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  45.  24
    Ability and learning.Andrew Davis - 1988 - Journal of Philosophy of Education 22 (1):45–57.
    Andrew Davis; Ability and Learning, Journal of Philosophy of Education, Volume 22, Issue 1, 30 May 2006, Pages 45–55, https://doi.org/10.1111/j.1467-9752.1988.t.
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  46.  21
    Ability to disengage attention predicts negative affect.Rebecca J. Compton - 2000 - Cognition and Emotion 14 (3):401-415.
    This investigation addresses the hypothesis that negative affect is associated with decreased ability to shift attention to a new focus. Thirty-nine participants completed a covert attentional orienting task and then viewed a distressing film clip. Mood was measured by self-report at the beginning and end of the session. Correlations between attentional orienting performance and self-reported mood indicated that participants with greater response time costs on invalidly cued trials reported more negative affect in response to the film. These results support (...)
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  47. Pragmatic abilities in autism spectrum disorder: A case study in philosophy and the empirical.Jessica de Villiers, Robert J. Stainton & And Peter Szatmari - 2007 - Midwest Studies in Philosophy 31 (1):292–317.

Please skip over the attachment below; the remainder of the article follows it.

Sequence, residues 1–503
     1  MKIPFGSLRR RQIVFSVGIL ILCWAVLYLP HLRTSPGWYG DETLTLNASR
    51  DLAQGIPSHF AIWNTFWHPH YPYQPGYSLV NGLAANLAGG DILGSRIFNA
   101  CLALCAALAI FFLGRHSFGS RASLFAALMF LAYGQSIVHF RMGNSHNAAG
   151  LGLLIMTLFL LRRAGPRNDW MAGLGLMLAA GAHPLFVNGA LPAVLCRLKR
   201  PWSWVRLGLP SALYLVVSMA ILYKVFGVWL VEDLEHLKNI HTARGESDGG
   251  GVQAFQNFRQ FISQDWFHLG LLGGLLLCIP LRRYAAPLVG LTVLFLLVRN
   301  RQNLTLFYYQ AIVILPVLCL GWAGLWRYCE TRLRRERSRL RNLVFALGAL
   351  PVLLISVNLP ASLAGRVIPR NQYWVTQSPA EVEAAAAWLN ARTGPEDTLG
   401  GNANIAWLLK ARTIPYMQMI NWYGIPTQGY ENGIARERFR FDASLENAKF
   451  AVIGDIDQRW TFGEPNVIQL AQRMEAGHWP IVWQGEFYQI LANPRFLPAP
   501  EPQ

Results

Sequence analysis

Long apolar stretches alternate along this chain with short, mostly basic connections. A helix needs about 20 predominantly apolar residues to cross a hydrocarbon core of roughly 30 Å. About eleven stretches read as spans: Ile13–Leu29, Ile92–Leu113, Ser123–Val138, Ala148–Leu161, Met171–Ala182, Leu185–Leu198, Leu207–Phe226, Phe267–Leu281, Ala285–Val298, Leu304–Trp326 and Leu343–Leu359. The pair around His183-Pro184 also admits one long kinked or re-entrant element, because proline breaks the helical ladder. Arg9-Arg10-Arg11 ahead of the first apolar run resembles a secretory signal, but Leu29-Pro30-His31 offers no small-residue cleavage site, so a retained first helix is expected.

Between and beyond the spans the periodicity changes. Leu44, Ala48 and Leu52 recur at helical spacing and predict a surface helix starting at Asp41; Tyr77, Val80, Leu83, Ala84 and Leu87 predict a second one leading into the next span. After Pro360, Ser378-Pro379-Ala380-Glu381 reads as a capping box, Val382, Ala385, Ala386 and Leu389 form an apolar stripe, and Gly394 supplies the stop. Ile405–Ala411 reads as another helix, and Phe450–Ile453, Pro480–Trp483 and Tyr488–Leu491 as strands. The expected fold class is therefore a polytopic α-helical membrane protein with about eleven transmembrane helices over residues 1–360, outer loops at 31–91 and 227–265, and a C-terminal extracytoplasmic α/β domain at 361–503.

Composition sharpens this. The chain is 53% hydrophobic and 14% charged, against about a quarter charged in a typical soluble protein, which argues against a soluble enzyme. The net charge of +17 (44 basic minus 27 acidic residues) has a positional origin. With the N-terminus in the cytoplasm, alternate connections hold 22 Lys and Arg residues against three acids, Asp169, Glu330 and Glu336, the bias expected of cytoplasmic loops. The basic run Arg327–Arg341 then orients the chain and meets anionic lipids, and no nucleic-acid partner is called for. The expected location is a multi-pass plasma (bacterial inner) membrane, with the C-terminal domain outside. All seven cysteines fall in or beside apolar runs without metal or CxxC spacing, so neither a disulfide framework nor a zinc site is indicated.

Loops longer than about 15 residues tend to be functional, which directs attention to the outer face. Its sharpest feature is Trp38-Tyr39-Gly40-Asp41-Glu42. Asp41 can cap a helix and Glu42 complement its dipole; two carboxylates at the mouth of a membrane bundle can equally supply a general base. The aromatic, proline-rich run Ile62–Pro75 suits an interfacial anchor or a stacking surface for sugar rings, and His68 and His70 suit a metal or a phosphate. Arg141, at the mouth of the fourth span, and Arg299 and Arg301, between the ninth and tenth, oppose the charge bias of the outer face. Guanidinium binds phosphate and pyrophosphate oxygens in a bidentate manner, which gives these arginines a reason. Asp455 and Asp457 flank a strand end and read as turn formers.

This article has two aims. The first is to introduce some novel data that highlight rather surprising pragmatic abilities in autism spectrum disorder (ASD). The second is to consider a possible implication of these data for an emerging empirical methodology in philosophy of language and mind. In pursuing the first aim, we expect our main audience to be clinicians and linguists interested in pragmatics. It is when we turn to methodological issues that we hope to pique the interest of philosophers. (...)
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  48.  26
    The ability to manipulate speech sounds depends on knowing alphabetic writing.Charles Read, Zhang Yun-Fei, Nie Hong-Yin & Ding Bao-Qing - 1986 - Cognition 24 (1-2):31-44.
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  49. What ability can do.Ben Schwan - 2018 - Philosophical Studies 175 (3):703-723.
    One natural way to argue for the existence of some subjective constraint on agents’ obligations is to maintain that without that particular constraint, agents will sometimes be obligated to do that which they lack the ability to do. In this paper, I maintain that while such a strategy appears promising, it is fraught with pitfalls. Specifically, I argue that because the truth of an ability ascription depends on an (almost always implicit) characterization of the relevant possibility space, different (...)
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  50.  17
    The ability to recognize oneself from a video recording of one’s movements without seeing one’s body.T. Beardsworth & T. Buckner - 1981 - Bulletin of the Psychonomic Society 18 (1):19-22.